Divisions and Committees
The ASPRS GIS Division, in cooperation with CaGIS and GLIS, is sponsoring free online live seminars throughout the year.
Scheduled seminars for 2014
NHD Applications Utilizing StreamStats -- February 28, 2014
The National Hydrography Dataset (NHD) serves as a framework for geospatial data representing the surface water of the United States. The features that make up the NHD have a basic set of attributes that describe these features and at the same time these features may have additional information linked to them describing other characteristics relating to hydrology, water quality, biology, regulations, and a host of other data. Is this linked information which contributes greatly to the power of the NHD to serve not just as spatial data, but also as an information system, and further as a base for analysis and knowledge.
This workshop introduces the NHD framework and how to use the HEM Tool to create events on the NHD. This can be performed on a case by case basis or by importing user databases. Attendees will also learn how to import these user-created events into StreamStats for analysis, including searches up and down the hydrography network, drainage area estimates, batch delineation of watersheds and more. New and improved tools will also demonstrate how to perform a variety of event searches on both the high resolution (1:24K) NHD data and the NHDPlus (medium resolution) data. The NHDPlus functionality will include linkages to a suite of EPA point-event datasets.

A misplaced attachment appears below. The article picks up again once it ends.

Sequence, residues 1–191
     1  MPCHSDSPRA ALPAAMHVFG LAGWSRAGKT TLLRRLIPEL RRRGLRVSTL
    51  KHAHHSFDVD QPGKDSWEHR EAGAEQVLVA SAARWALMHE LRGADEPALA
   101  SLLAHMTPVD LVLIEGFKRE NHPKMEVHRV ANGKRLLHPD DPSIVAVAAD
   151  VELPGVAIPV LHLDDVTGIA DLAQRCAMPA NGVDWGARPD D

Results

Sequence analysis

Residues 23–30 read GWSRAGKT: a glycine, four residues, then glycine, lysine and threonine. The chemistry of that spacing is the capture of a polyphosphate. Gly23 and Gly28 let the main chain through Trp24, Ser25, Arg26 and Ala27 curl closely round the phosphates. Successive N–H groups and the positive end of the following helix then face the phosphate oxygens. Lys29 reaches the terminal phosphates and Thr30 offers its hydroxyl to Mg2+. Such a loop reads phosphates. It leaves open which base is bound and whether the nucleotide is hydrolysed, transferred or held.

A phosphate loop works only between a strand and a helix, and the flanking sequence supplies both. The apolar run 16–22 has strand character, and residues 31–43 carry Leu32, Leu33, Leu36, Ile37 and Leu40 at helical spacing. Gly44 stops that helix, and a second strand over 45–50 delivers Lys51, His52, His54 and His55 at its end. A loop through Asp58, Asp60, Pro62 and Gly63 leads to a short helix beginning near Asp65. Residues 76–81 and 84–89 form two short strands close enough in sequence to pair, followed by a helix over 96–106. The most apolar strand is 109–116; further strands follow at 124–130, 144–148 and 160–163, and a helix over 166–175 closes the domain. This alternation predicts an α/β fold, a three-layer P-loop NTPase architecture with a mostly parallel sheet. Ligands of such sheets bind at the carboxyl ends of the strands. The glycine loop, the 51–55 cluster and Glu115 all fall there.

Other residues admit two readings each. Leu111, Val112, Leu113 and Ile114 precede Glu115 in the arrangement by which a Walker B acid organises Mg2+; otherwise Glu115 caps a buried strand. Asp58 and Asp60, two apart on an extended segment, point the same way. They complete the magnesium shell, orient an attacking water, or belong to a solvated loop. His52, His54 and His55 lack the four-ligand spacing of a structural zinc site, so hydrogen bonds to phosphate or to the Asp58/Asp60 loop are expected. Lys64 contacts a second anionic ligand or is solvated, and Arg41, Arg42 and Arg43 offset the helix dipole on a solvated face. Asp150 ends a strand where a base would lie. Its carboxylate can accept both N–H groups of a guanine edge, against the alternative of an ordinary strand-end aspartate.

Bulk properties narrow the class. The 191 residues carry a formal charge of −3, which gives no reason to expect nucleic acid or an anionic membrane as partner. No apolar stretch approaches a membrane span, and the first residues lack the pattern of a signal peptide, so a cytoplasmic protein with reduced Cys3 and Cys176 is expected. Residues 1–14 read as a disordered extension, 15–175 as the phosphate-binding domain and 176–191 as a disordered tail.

Presenter: Peter A Steeves
Pete Steeves has been a GIS Specialist for the USGS Massachusetts Water Science Center for 25 years. Massachusetts was the first State to set up a StreamStats web page back in the mid 90's, and Pete was instrumental in making this happen. After this local success, Pete was asked to help develop a National StreamStats site, and has been on the National StreamStats team ever since. More recently, the StreamStats site has expanded its tool base to utilize the navigation functionality of the NHD.
Modernization of the National Spatial Reference System -- March 14, 2014